I put up with it at first for various reasons I won’t go in to. Now I’m fairly firm. “I would hate to tell you the wrong thing, since I’m as new as you are. Look, x senior is over there and looks free, why don’t you ask them?”
Then, if necessary/relevant, I return to my call and ignore her. She usually stamps off and growls that she’s “looking for another job.”
Also, on the door locking issue- WHAT.
As someone with a physical disability who needs to use the bathroom frequently and without warning… wow. I would be reporting whichever professor prevented me from using the bathroom and/or re-entering the class afterward for discrimination.
Edhla – Discrimination ? What ? I’m sorry for saying, but that is incredibly ridiculous. If you have a disability that prevents you from getting to class or having to leave and be disruptive multiple times, as many have said in the comments, it is 100% on you to tell the prof. before hand, and they will make accommodations.
If you don’t tell the prof. they wouldn’t know. Same as at a work place – it would be on you to inform your employer or HR of whatever is going on in your life that is causing you to go to the bathroom multiple times a day. If you don’t tell them and you get a write up, it’s your own fault for not opening your mouth sooner and alerting someone of the issue.
As a habitual late-comer, I have to admit that it is a bit distracting but it really depends mostly on the positioning of the door, whether it’s in front or at the back. And honestly, there are far more distracting activities than just entering the door. Besides, people could always choose to ignore stuff if they are really focused on learning and listening. Watch the basketball video with a dancing bear as proof. Also, I believe that attendance should not be part of the grades. I once had a course wherein my grade was 99% but was revised to 74% because of my habitual tardiness. It eventually cost me the number 1 spot in the Dean’s list.
If you want to wait until there is a threat to lock a door these days, pray that your classroom is not the one that makes the threat viable. Sure, wait till someone kills the prof and half the class so that everyone else knows to lock their doors.
No one calls the school at 7 am and says, “I’ll be over at 11 am to start shooting in the chemistry building, first floor, room 101.” They go to the chemistry building and start shooting. Then you get a cell phone text that there is a threat. Pray that you are still alive to read it.
As to the boy who wanted a tutor. Tell him to back off and, next time, sit somewhere where there are no empty seats. I had one who wanted me to be “his woman” and I stopped him by sitting next to a guy I had dated in the row behind.
I think you absolutely did the right thing. Hopefully this guy will learn not to disrupt other people anymore if enough people tell him off.
I am another door-locking prof. For those of you freaking out about school shooters, there have been a dozen in the last 20 years with how many millions and millions of classes per year, so I’ll take that chance. Edhla, I allow for bathroom emergencies or other circumstances; I’m not inhumane. But it is your responsibility to let your instructors know on the first day of class if you have conditions that need special accommodations like that. (It’s amazing to me how many of my students would have sudden disabilities or learning disorders right around Week 12 when they were failing my class.) But I cannot underestimate how distracting, discourteous, rude and ridiculous it is to be late for a class, and 95% of my latecomers did it on a regular basis, too. I tried scheduling quizzes that they’d miss in the first 10 minutes of class, but not only did that not deter them, but they’d often disrupt class in the middle of a quiz, too. Then there were the students who’d come and go despite breaks to take phone calls (“I’m sorry, teacher, I’m having some problems with my boyfriend!”) or go in pairs to the bathroom or go get munchies to fuel their wake-and-bakes. Finally, I started locking the classroom door at 2 minutes after class start time and posted an assignment. If you were late, you went to the library, did the assignment, and turned it in to me at the end of class, and you’d still get credit for attending. My class, my rules. If you don’t like it, drop and take it with someone else.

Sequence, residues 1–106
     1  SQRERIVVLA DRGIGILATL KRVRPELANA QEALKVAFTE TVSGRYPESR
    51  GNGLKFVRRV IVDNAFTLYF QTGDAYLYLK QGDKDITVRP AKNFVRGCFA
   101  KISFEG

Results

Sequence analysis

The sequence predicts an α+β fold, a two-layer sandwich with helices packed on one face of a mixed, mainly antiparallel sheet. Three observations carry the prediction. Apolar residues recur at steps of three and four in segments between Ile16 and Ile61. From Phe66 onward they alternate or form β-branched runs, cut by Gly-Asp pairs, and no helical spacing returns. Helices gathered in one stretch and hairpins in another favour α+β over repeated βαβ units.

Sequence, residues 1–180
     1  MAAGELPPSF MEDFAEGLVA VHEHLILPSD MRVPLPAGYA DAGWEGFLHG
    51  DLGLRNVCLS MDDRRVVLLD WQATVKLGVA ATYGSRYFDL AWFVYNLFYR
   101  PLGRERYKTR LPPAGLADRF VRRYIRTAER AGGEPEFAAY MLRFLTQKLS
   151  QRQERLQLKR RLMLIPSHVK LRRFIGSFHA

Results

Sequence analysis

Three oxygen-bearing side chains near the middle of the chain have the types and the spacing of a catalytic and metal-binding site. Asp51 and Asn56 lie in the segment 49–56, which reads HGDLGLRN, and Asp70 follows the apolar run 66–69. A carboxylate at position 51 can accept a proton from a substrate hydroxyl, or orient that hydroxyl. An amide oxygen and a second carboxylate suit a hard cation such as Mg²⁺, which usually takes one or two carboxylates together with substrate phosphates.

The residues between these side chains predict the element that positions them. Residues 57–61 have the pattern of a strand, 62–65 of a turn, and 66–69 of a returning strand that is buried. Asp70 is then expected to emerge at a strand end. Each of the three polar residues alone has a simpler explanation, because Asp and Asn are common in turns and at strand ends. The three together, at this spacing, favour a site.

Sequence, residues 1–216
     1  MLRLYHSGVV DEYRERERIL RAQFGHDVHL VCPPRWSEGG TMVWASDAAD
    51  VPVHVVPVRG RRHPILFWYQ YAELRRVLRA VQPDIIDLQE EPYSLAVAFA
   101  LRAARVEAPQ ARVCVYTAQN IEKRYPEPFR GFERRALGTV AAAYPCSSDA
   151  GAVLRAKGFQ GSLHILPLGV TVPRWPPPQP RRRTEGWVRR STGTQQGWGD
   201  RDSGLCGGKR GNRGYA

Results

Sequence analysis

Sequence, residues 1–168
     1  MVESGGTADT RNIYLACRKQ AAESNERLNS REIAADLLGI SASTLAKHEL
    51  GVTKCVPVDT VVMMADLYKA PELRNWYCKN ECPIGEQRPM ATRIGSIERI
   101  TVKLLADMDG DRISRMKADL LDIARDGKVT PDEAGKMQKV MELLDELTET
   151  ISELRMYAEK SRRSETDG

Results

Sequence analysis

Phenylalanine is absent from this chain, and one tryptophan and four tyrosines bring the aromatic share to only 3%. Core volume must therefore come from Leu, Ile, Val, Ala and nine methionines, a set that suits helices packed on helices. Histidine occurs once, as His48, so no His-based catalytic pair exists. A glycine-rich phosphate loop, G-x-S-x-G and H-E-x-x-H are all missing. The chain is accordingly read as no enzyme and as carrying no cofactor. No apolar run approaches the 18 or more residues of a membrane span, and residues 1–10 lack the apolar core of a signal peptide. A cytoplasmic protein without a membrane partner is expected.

When I’m teaching, I can’t just wander in whenever I feel like it, or show up late 40% of the time because I overslept or traffic was bad. If I have to be there on time, so do you.
(Despite students saying I was “mean,” my classes were always filled to capacity, I had students who took multiple classes with me, and my classroom reviews were 99% supportive.)
“Also, I believe that attendance should not be part of the grades. I once had a course wherein my grade was 99% but was revised to 74% because of my habitual tardiness. It eventually cost me the number 1 spot in the Dean’s list.”
Well then, maybe you should have made the effort to actually get to class on time. Sorry, but my sympathies are all with the professor here. Habitual tardiness is extremely rude and disrespectful, and expecting people to simply overlook it or make exceptions for you, or for there to be no repercussions at all is extremely entitled. Unless you have some sort of disability that requires special accommodation, it is your job to abide by class policies- not the job of the professor to adjust his policies just for you. If good grades are important to you, it is your job to earn them- not just by doing the work, but by participating in class and arriving on time. It is not the job of the professor to just give you As despite your demonstrated lack of respect for him/her, your fellow students, and the class policies. Sorry, you’re just not that special. Nor are you entitled to your “Number 1 spot in the Dean’s list,” which rightly went to another student who was willing to put in all the work necessary to earn it.